McCourts OK divorce deal; he gets Dodgers
LOS ANGELES (AP) — Frank and Jamie McCourt have reached a settlement in a costly and nasty feud over control of the Los Angeles Dodgers, paving the way for a showdown in bankruptcy court between the embattled team owner and Major League Baseball.
The deal was struck between the former couple, but the terms will not be released, according to a joint statement Monday from Frank and Jamie McCourt. A person familiar with the settlement who requested anonymity because it's not meant to be public told The Associated Press that Jamie McCourt would receive about $130 million, a figure first reported by the Los Angeles Times.
As part of the agreement, Jamie McCourt will withdraw her opposition to the proposed sale of the Dodgers' media rights, a move her ex-husband says would alleviate his financial woes. Instead, she will file a motion supporting the process, according to the statement.
"We're looking forward to having her support of the Dodgers plan as the bankruptcy case goes forward," said Victoria Cook, one of Frank McCourt's attorneys.
A Los Angeles judge still has to sign off on the agreement, but once he does the settlement effectively ends the divorce saga that began two years ago after Frank McCourt fired Jamie McCourt as the Dodgers' CEO.
In a separate statement, a spokesman for Jamie McCourt said she was willing to accept a settlement, even if it meant giving up her interest in the Dodgers, "if a fair resolution were possible."
"That has now been achieved through the cooperation of everyone involved and Jamie looks forward to moving on and focusing on new opportunities," the statement said.
The divorce case has been placed on hold until a bankruptcy court in Delaware determines the fate of the team. A hearing is scheduled for Wednesday and a judge will consider dueling motions over four days starting Oct. 31.
The agreement removes Jamie McCourt, who had asked the divorce court to order the Dodgers sold, as an obstacle in Frank McCourt's bid to keep ownership by selling team television rights.
"I think this may be a strategically sensible decision for her," said Scott Altman, a law professor at the University of Southern California. "If he (Frank McCourt) gets $130 million out of bankruptcy, it's hers. It reduces her risk because she doesn't have to share proceeds from the bankruptcy case."
The settlement now allows Frank McCourt to focus on his battle with MLB, which is seeking permission from a bankruptcy judge to file a reorganization plan that calls for McCourt to sell the Dodgers.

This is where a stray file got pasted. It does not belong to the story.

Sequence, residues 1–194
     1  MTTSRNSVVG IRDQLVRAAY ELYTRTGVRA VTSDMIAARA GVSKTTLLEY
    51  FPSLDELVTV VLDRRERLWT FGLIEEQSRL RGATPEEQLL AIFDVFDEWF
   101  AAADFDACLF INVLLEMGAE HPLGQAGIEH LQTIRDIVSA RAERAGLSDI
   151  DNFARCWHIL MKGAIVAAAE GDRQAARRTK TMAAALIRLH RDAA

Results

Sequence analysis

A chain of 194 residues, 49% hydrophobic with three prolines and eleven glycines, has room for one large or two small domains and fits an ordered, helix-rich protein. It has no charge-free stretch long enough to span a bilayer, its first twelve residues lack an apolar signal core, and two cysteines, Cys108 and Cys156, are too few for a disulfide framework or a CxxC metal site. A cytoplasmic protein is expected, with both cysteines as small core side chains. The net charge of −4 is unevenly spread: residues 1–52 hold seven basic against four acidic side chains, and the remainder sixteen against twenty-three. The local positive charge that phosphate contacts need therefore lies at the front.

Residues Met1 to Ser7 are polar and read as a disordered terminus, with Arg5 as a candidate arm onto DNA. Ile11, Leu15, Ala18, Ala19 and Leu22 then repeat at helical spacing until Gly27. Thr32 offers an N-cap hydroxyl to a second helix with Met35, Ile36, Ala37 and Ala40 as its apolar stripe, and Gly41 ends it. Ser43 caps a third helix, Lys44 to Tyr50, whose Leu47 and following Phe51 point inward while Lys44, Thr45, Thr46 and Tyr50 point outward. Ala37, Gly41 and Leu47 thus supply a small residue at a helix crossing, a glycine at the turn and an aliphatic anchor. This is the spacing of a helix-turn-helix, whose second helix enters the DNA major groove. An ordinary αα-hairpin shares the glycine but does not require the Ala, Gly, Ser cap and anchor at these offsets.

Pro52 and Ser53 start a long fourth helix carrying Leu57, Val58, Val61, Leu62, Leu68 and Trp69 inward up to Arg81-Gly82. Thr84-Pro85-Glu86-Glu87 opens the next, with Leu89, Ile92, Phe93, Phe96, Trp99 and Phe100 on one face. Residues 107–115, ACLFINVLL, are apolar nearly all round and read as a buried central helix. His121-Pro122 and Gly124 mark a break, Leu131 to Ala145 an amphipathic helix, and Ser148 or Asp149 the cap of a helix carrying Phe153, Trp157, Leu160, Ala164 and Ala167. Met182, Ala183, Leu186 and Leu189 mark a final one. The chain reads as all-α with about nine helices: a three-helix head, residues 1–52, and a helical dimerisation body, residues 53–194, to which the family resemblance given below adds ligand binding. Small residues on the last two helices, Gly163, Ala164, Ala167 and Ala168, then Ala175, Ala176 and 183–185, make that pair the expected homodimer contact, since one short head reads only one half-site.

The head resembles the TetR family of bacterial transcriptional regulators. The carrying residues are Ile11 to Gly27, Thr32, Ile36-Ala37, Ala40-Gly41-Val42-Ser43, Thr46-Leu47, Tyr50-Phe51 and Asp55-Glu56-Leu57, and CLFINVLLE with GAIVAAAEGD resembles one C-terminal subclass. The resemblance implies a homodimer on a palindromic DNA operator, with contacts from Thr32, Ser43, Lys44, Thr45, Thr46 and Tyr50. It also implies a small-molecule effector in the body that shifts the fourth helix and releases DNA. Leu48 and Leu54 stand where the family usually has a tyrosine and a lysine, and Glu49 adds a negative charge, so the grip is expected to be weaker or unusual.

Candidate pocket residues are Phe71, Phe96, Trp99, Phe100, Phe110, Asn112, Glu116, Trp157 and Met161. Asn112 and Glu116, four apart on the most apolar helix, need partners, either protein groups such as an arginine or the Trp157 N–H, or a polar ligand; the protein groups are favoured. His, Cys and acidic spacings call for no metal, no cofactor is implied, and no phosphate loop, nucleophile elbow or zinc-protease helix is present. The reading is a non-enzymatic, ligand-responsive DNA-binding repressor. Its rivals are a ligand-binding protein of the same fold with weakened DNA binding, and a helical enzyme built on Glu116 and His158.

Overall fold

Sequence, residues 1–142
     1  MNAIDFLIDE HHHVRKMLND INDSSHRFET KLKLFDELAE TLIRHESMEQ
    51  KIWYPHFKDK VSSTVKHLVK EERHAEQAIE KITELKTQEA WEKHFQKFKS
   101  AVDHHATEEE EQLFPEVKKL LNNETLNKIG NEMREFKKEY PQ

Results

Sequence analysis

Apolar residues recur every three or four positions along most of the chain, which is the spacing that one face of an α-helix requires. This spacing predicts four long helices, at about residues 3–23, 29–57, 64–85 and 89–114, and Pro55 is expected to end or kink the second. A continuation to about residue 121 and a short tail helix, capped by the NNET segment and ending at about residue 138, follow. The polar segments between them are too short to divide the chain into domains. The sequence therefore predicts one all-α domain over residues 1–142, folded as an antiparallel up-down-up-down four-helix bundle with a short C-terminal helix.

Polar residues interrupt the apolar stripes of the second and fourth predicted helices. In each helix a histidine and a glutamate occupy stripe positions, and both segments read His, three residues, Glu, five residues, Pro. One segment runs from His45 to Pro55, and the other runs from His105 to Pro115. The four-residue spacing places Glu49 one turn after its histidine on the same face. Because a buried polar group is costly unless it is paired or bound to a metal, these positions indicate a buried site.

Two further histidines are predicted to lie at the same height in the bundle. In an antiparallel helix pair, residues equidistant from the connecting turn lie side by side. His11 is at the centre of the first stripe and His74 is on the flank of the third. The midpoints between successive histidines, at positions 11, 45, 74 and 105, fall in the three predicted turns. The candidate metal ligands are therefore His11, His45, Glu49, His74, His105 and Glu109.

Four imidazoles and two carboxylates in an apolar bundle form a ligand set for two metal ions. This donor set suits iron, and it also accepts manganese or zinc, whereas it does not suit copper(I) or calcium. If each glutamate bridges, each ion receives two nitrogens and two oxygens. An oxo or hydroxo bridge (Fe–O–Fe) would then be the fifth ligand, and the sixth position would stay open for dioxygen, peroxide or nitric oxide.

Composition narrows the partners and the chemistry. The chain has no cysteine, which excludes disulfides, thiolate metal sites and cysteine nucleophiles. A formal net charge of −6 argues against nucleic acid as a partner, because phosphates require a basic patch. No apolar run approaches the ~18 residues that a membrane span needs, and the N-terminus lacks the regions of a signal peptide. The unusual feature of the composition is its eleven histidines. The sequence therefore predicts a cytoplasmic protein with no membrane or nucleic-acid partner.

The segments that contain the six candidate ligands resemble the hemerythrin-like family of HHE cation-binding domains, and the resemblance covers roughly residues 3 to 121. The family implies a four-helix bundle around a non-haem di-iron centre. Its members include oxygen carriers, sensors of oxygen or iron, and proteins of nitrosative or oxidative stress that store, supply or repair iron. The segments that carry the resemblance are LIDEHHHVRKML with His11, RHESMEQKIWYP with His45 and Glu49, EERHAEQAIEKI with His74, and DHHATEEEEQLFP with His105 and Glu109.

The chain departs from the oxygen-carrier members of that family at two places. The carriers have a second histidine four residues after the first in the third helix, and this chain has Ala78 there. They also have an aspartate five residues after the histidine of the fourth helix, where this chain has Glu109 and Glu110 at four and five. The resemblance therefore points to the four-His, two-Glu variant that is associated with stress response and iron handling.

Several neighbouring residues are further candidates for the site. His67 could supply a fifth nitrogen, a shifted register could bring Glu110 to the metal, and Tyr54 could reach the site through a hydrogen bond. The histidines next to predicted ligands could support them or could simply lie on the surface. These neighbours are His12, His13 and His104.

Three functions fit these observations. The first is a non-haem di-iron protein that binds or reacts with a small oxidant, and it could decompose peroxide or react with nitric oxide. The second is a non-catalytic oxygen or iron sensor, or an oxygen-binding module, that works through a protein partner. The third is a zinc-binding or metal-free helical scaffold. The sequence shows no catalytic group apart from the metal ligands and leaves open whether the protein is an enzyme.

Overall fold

MLB spokesman Pat Courtney declined comment about the settlement.
"I think they want to show the world they are a united front," said Los Angeles-based family law attorney Lisa Meyer Helfend. "They are overtly showing MLB and other detractors that they are reasonable "
Attorneys for Frank McCourt have argued a media rights sale is the best path out of bankruptcy for one of baseball's most storied franchises.
The McCourts previously reached a divorce settlement on June 17, but the deal was contingent on approval of a proposed television contract between the Dodgers and Fox. That deal would have given Jamie McCourt $100 million and she would retain the former couple's six luxurious homes.
But baseball Commissioner Bud Selig rejected the 17-year TV contract with Fox, reported to be worth up to $3 billion, noting in part that almost half of an immediate $385 million payment would have been diverted from the Dodgers.
On June 27, Frank McCourt took the Dodgers into bankruptcy.
Jamie McCourt subsequently lined up behind Major League Baseball and Fox in asking the bankruptcy court to reject Frank McCourt's bid to auction Dodgers television rights.
If Frank McCourt were to prevail in bankruptcy court, it's unclear whether the judge would allow him to tap into the TV money to pay the settlement. It's also unknown whether the proceeds from the sale of the team would even exceed $130 million.
Some observers said one of the reasons behind the settlement may be the legal bills that have amassed over the past two years. The former couple has racked up more than $20 million in fees, according to court documents.
"This ends it," said Los Angeles family attorney Robert Nachshin. "They stop paying divorce lawyers and she gets $130 million."
MLB had assumed control of the club's day-to-day operations in mid-April before the team filed for bankruptcy. Former Texas Rangers President Tom Schieffer was appointed to monitor the team on behalf of Selig, who said he took the action because he was concerned about the team's finances and how the Dodgers are being run.
Last year, the McCourts went through a highly publicized trial that focused on a postnuptial marital agreement they had signed in 2004.
A Los Angeles judge ruled in December that the marital agreement which gave Frank McCourt sole ownership of the Dodgers was invalid, clearing the way for Jamie McCourt to seek half the team under California's community property law.
A group backed by Chinese government-owned investment banks had made a $1.2 billion offer to buy the Dodgers, but Frank McCourt has repeatedly said he's not interested in selling the team.
The couple, who were married in 1979, has four grown sons.